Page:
Directed by Erle C. Kenton [Other horror films: Island of Lost Souls (1932), The Ghost of Frankenstein (1942), House of Frankenstein (1944), House of Dracula (1945)]
I’ve long thought that the 1940’s was one of the weakest decades for the horror genre, and this movie is a good example of why. The Cat Creeps isn’t a poor movie, though – like most dark house mystery movies, it’s enjoyable enough. The problem, though, is that this could have been made ten years earlier, and nothing would have seemed out of place.
Obviously, I enjoy the old dark house movies, giving quite solid ratings in the past to such films as The Monster Walks, The Cat and the Canary, and The Bat Whispers, and I enjoyed this well enough also, but I can’t say that it’s not overly derivative. It most certainly is, and it doesn’t have that much going for it that really sets it apart from the better films that came out years and years previously.
Casting-wise, I don’t really have any complaints. Maybe Frederick Brady was a bit weak as the star, and maybe Lois Collier was far more underused than she could have been, but for a quick murder-mystery (this film comes in at under an hour), I thought most here were fine. Rose Hobart (1931’s Dr. Jekyll and Mr. Hyde) was nice to see, and both Paul Kelly and Douglass Dumbrille were both solid threatening individuals.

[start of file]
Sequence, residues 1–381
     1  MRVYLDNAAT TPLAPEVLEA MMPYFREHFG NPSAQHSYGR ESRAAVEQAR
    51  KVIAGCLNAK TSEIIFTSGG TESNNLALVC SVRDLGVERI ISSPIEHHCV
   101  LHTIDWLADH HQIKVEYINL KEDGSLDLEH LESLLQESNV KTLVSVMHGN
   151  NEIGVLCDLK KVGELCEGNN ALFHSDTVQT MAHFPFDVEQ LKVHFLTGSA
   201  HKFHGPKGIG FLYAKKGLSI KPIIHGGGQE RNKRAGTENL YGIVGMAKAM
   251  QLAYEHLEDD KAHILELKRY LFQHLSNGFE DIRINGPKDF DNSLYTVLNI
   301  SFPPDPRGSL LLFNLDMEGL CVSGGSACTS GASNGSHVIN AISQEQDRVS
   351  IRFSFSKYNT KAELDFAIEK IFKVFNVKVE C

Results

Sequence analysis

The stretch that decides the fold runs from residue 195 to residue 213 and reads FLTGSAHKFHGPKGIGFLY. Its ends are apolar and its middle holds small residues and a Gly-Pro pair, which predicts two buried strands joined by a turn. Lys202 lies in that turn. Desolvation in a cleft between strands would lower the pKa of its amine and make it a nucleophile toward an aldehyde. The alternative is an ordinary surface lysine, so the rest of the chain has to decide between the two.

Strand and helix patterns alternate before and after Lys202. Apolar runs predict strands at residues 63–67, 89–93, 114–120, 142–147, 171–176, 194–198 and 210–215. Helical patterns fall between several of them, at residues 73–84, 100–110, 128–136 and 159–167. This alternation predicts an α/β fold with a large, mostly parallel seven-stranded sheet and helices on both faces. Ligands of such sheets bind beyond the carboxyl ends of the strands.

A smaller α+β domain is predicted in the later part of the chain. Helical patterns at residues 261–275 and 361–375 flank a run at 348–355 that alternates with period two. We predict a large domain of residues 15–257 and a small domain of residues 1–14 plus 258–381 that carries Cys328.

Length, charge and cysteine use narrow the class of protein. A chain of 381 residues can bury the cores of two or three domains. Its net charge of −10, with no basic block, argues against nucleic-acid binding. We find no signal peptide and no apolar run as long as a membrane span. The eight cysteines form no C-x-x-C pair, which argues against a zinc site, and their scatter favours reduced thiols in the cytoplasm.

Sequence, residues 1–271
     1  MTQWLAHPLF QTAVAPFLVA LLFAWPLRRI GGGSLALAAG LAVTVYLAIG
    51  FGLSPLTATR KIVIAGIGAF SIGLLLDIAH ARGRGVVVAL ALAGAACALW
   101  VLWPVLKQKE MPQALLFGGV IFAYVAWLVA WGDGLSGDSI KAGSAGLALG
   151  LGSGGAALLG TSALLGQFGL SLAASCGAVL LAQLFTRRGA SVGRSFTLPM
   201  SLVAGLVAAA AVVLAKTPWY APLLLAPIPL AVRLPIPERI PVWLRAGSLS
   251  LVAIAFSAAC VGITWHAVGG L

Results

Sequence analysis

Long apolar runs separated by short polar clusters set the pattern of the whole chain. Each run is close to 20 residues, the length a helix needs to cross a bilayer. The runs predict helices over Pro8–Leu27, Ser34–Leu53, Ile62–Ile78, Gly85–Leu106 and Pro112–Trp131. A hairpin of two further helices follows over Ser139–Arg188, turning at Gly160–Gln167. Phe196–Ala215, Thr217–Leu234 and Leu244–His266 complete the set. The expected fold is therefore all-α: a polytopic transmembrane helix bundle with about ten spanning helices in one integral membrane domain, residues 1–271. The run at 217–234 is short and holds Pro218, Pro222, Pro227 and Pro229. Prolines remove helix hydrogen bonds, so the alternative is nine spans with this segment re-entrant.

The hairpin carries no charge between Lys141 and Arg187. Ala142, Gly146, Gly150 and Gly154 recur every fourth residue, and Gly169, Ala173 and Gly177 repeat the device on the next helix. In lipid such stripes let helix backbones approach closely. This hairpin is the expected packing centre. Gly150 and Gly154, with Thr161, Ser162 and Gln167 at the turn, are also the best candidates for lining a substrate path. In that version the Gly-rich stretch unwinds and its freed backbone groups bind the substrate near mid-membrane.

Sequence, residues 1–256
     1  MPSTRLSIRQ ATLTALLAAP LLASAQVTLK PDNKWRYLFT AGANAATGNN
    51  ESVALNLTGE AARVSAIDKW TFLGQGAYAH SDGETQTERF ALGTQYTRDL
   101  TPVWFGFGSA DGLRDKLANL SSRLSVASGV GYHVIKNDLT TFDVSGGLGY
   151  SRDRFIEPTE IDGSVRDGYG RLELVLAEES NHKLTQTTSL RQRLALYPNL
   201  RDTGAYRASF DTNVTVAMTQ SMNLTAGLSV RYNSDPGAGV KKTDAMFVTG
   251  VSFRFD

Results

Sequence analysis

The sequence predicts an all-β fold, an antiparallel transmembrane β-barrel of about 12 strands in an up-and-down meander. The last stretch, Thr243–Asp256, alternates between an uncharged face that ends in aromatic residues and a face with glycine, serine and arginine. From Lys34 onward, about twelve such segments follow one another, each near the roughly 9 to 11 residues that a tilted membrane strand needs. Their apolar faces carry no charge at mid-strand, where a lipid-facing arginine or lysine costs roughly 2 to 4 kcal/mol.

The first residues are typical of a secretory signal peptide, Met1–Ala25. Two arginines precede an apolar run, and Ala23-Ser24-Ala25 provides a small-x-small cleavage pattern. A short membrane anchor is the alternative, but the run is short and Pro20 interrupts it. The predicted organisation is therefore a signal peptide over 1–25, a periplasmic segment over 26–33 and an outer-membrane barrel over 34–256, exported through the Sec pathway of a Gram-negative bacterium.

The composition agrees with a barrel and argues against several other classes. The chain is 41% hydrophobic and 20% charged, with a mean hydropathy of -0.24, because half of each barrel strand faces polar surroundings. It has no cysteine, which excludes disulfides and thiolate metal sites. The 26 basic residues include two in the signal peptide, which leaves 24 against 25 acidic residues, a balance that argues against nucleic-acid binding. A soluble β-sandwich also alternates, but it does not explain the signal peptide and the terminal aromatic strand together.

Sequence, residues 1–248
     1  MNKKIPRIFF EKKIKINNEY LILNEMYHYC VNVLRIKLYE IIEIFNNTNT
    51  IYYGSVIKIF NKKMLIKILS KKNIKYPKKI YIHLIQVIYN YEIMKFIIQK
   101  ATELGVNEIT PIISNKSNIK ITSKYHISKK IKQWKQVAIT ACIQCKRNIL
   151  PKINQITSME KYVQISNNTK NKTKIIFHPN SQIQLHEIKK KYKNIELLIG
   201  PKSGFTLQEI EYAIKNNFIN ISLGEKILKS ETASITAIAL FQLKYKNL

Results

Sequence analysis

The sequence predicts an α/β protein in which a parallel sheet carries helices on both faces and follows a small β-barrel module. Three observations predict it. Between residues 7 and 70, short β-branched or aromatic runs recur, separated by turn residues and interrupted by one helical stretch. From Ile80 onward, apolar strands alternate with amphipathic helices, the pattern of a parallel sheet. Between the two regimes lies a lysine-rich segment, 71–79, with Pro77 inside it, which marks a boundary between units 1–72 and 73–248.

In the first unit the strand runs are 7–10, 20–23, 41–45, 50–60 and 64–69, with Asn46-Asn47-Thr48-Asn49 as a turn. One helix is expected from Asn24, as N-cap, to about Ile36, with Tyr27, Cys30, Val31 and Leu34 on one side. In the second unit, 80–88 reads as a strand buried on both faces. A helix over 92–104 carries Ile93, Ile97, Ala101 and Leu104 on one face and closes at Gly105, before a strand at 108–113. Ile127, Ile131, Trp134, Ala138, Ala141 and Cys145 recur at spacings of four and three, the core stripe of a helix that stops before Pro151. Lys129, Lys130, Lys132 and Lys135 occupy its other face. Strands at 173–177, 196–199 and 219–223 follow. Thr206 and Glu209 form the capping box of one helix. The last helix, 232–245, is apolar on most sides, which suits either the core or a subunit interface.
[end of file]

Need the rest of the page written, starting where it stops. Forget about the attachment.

For what this movie was, and as little as it was made for, I did enjoy the setting, being a large house on a secluded island. It’s nothing new to this subgenre of horror, but fun nonetheless. Related, while there’s not many outstanding or memorable scenes here whatsoever, I did enjoy the utilization of mysterious shadows baring down on people. It happened a few times, and it looked decently effective.
Also worth mentioning is Vera Lewis’ character, who has a bit of a twist to her. It was pretty easy to see her role in the whole mystery, but I did like the addition, and at times, even led me to wonder if Brady’s character wasn’t somehow involved in the multiple murders.
All-in-all, though, The Cat Creeps is competently made and little more. There’s occasionally some fun dialogue, and of course the mystery is fun, but it’s not a movie that I imagine will really stand out in my memory, and given that I’ve seen this once before but remembered next-to-nothing about it, that may be the most accurate statement about this one. It’s not a bad movie, but it’s not memorable either.